Ex Post Human
Tentative designation, Combat biomorph project outline:
Author: Cipher Anaphylaxis
Data permissions: Protected, encryption modus C-71
The Lamia is a hypothetical exotic combat-specialized biomorph engineered around a novel system of decentralized and redundant biology, which is described in following. Note that much of this dossier is written in present-tense, mostly because I’m an optimist.
Morphologically, it appears to be a four-armed human torso seamlessly attached to a flattened, elongated lower body, measuring between 4.5 and 5 meters in length from head to tail. Additionally, the morph possesses sixteen tentacle manipulators between 1 and 1.75 meters in length. Six of these are clustered equidistantly around the body just below the ‘waist’ of the morph, and the other ten are spaced along the narrow dimension of the tail, five to each side. These tentacles are smooth and featureless, having no hooks or suckers, and end in a smoothly rounded tip. Also worth noting are its many integrated skin pockets, allowing for an array of weapons, tools, and other such things to be easily carried and concealed.
Although the morph possesses skin reinforced with durable bioweave armor, able to act as a switchable grip surface and laced with distributed sensory nodes, the most novel feature of the Lamia is a high degree of internal homogeneity. Functional tissue types consist only of the skin, muscle, the self-pumping circulatory system, hardened neural tissue, and approximately have a dozen specialized micro-organs that condense necessary body functions into as few differentiated systems as possible, which are redundantly distributed throughout the entire body.
While the upper half of the Lamia mimics human appearance, internally it shares almost no similar biology. There is no brain in the morph’s skull – mental processes are distributed between a network of further redundant neural nodes throughout the body, many of which are biological subprocessors designed to assist in managing the staggeringly complex body plan of this morph. Indeed, apart from the eyes and ears, the skull is largely cosmetic, as it is designed to be able to fold and compress, along with the rest of the ‘skeleton’ of the upper part of the morph, in order to squeeze through narrow spaces.
In terms of skeleton, the Lamia is a vertebrate, possessing bony human arms and a long, flexible, and extraordinarily durable spine that runs the length of its body. Furthermore, there are multiple areas within the morph where an endoskeletal armored shell surrounds and protects several clusters of vital organs and neurological systems.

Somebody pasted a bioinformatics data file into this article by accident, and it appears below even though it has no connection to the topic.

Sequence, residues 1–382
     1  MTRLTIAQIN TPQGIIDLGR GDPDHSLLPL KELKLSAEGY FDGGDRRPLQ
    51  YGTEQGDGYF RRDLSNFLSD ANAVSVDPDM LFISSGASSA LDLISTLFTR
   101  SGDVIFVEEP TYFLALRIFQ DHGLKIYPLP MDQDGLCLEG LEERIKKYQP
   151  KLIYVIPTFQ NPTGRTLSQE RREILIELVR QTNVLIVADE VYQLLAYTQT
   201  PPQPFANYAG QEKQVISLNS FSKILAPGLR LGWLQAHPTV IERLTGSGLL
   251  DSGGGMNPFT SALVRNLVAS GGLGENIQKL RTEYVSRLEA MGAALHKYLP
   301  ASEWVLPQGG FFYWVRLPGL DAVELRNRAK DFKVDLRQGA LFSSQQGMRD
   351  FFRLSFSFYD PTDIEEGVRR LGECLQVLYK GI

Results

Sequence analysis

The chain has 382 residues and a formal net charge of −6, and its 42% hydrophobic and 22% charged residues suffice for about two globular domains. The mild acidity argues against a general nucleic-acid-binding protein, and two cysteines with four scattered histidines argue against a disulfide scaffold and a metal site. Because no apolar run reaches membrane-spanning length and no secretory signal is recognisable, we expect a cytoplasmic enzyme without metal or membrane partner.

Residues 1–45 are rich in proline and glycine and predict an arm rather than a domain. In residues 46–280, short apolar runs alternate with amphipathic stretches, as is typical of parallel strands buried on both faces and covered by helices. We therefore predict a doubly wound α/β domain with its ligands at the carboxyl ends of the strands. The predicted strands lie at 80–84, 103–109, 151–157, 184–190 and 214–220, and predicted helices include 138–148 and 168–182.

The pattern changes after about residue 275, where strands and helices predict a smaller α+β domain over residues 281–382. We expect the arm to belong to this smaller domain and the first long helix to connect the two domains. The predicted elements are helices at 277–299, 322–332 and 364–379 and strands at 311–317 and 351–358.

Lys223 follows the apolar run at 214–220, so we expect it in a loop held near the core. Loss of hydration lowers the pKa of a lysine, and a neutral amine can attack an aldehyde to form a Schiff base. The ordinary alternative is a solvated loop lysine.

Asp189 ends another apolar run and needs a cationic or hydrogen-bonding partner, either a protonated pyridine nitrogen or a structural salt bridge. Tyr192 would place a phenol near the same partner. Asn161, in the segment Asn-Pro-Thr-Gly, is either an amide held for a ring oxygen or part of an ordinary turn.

The result of all of this engineering is that it is an evasive and versatile combat platform with no single point of failure, and that it is capable of sustaining massive amounts of physical trauma before its combat viability is compromised. Most parts of the morph can be physically severed from one another and not only survive, but potentially continue to function independently for hours after before being rejoined to the rest.
Biomods, Cybernetics and Nanosymbiotes
Many systems are incorporated into the base organism out of further benefit to its intended role.
In addition to robust biology, computer implants and ego backup systems, the Lamia is designed to have mesh inserts integrated into every single one of its neural nodes and subprocessors, which allow all parts of the morph to remain in communication in a swarm-like manner even if parts of the morph are physically severed from one another.
On a less novel level, the morph integrates symbiotic medichines and respirocytes as standard equipment, as well as an accelerated neurochemical architecture to maintain more cohesive cognition in spite of distributed consciousness.
One new modification will also developed specifically for this project to allow several types of biopolymers to be created and broken down within tissue layers, including compounds for shock hardening against impacts, ablative protection against energy and thermal damage, and myomer fiber strengthening to permit the morph’s tentacles to be stiff and muscular enough to function as mobility-enhancing limbs without difficulty under higher gravities.
The integration of a chameleon surface into the morph’s skin would be a useful capability, but potentially prohibitively difficult to integrate, given the level of functional overcrowding already present.
The Lamia represents an exceptionally exotic and complex design project, and many of the features it integrates are unprecedented and will need to be engineered from scratch. As such, the first iteration of this platform will be created as a Pod morph, and substitute cybernetics for some crucial aspects of its design. Later iterations will incorporate new developments to become increasingly biological until the Lamia may be firmly considered a biomorph.
Version 1 was completed ahead of schedule, only a week after work was begun. The design process went favorably with almost no setbacks, and aside from anticipated difficulties with integrating an all-biological nervous system, preliminary testing has found that the morph functions as intended. Further testing and documentation is required.